So you have chosen to write fantasy. Behind this door, a world full of mystical creatures, legends, and warriors awaits. And, most likely, magic. One of the most alluring elements of fantasy, magic is also one of the most complicated ones to write. It is easy to get lost on who has which power and how they interact with each other. Luckily, Brandon Sanderson, author of over twenty SFF books, has assembled three pieces of advice that could help you navigate these treacherous waters. Remember, however, that everyone’s process is different, but it is always good to have other writers’ perspectives, guides, and starting points.
Note: Information and advice are taken from Lecture #5: Worldbuilding Part One — Brandon Sanderson on Writing Science Fiction and Fantasy.
This is How You Lose the Time War is a co-written novella by authors Amar El-Mohtar and Max Gladstone. It follows two soldiers on opposite sides of a war spanning all of space and time. Red works for the Agency, while Blue is a part of Garden. There isn’t much talk about these two entities, and we only get vague details about them. We have no clue why this war started, or for how long it’s been going on. The only information given is that Red and Blue are on opposite sides of this war, and to win, one will have to destroy the other.
If there is something I used to fear as a writer, it was the blank page. But not just any blank page. Sure, I sometimes have trouble starting a draft or a quick outline. But what I was actually scared of was the document named “Worldbuilding”, with a black line flickering menacingly, as I felt my ideas demanding to be put on paper. For me, it was like walking into a completely white, matrix-like room that needs to be filled. But there was just so much space, so much emptiness, it was overwhelming.
I wished I could have just blinked and I would have found myself taking a panoramic view of an almost-tangible place. Maybe there would’ve been a mountain with a castle in ruins, or a space station overlooking a hostile planet. But eventually, I learned that worldbuilding is a slow process. And it demands a lot of effort from writers to fill that white room. We are creating a new world, after all.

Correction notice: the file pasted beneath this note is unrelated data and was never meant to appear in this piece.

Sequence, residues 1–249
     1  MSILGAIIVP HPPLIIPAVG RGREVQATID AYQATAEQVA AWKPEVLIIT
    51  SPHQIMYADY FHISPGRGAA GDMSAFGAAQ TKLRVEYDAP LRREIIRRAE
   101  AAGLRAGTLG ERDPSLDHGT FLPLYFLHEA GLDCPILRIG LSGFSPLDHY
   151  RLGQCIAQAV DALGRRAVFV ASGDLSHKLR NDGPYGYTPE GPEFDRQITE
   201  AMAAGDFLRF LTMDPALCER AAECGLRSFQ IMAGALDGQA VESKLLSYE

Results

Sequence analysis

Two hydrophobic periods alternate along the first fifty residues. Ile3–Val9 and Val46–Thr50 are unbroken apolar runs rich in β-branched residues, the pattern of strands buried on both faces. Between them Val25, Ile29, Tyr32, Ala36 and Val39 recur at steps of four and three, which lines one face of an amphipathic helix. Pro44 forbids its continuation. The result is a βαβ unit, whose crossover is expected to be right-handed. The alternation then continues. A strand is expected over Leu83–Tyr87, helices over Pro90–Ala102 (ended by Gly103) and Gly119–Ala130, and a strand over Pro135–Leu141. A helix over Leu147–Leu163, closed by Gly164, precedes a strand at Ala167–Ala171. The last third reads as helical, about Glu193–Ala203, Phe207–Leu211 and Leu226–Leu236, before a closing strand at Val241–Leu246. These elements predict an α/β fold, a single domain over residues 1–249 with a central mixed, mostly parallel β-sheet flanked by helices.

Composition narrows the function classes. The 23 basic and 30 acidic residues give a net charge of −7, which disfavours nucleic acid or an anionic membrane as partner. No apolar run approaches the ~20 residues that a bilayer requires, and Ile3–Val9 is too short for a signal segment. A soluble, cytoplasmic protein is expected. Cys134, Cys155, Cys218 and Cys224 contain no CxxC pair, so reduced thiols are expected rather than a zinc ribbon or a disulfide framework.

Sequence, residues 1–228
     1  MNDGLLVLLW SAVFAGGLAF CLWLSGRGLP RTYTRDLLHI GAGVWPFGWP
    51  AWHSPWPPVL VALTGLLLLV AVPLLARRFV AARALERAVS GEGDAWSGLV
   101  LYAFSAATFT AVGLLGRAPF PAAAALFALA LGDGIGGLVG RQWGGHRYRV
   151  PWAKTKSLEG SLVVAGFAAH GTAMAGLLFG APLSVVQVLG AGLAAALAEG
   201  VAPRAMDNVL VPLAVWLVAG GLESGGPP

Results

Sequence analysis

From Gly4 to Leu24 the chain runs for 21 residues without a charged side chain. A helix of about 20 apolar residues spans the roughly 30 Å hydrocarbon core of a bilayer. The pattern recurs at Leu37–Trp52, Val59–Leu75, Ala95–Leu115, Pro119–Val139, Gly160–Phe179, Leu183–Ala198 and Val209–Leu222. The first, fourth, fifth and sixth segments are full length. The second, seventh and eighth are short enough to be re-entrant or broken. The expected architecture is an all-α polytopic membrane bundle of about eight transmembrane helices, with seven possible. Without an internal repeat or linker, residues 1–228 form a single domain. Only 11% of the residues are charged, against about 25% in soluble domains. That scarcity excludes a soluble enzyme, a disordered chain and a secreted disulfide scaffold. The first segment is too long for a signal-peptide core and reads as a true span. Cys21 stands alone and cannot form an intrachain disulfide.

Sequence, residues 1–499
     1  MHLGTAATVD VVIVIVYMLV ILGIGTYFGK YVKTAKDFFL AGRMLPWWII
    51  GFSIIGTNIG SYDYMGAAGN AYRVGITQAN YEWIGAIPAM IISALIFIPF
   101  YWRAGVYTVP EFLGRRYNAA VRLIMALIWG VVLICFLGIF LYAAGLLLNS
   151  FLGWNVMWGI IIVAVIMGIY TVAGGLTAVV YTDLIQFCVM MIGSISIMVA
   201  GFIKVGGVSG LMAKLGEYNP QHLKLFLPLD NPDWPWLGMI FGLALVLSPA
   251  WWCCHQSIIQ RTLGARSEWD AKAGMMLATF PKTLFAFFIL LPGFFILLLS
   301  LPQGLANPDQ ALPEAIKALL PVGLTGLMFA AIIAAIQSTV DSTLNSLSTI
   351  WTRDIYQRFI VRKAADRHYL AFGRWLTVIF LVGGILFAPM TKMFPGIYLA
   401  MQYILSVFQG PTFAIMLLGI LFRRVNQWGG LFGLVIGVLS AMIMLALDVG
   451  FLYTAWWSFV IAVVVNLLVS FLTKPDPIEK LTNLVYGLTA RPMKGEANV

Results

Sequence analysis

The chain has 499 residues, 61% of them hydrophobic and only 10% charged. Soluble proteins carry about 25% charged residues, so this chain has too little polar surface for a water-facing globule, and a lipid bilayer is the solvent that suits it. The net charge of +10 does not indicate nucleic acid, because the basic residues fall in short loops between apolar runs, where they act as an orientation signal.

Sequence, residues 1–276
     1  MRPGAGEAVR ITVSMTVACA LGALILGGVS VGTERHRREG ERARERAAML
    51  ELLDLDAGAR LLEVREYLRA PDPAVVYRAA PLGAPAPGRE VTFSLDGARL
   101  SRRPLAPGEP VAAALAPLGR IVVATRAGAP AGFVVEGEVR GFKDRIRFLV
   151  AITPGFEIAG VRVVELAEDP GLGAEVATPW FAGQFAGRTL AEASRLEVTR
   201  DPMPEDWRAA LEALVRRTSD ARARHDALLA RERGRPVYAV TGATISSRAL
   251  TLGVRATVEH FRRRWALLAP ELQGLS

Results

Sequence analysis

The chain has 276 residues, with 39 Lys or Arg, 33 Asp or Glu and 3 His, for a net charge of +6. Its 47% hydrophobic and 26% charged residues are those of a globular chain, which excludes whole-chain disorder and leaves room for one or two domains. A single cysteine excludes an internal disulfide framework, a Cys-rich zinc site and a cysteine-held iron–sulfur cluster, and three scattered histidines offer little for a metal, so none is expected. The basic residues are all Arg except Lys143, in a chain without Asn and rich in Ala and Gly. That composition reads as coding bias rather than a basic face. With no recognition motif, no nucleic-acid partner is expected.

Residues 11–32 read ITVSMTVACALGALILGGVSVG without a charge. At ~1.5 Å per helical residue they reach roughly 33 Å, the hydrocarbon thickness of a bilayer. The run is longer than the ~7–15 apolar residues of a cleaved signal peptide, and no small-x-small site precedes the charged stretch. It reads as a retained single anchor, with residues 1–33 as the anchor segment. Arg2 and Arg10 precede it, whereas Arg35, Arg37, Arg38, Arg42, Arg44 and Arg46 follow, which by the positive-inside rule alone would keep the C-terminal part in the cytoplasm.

The Folk of the Air’s badass, strong female main character, Jude Duarte, does not try to do the right thing. For most of the series, she doesn't even know what the right thing is. Instead, she does what she can to attain the power and status she has been denied because she is a human in the world of faerie. And she does it "go big or go home" style by making herself the power behind the throne, the one pulling all the strings for an entire race.
She’s a fictional inspiration to girls everywhere and breaks stereotypes through her ruthlessness, strength, and an unapologetic lust for power.
In some ways fantasy and science fiction stories allow us to delve into a world that is wholly unreal, yet we as readers can relate to the characters and their journeys. However fantastical the world, unique the systems of magic, and creative the creatures that reside within it, readers read these stories and can relate in some manner to the characters we follow. Oftentimes in speculative fiction, the excuses for a lack of diversity can be exceptionally thin or characters that are supposed to be diverse are coded confusingly or badly portrayed. When writing LBGTQ+ characters specifically, coding them correctly can allow readers to feel seen even in the most outlandish of lands.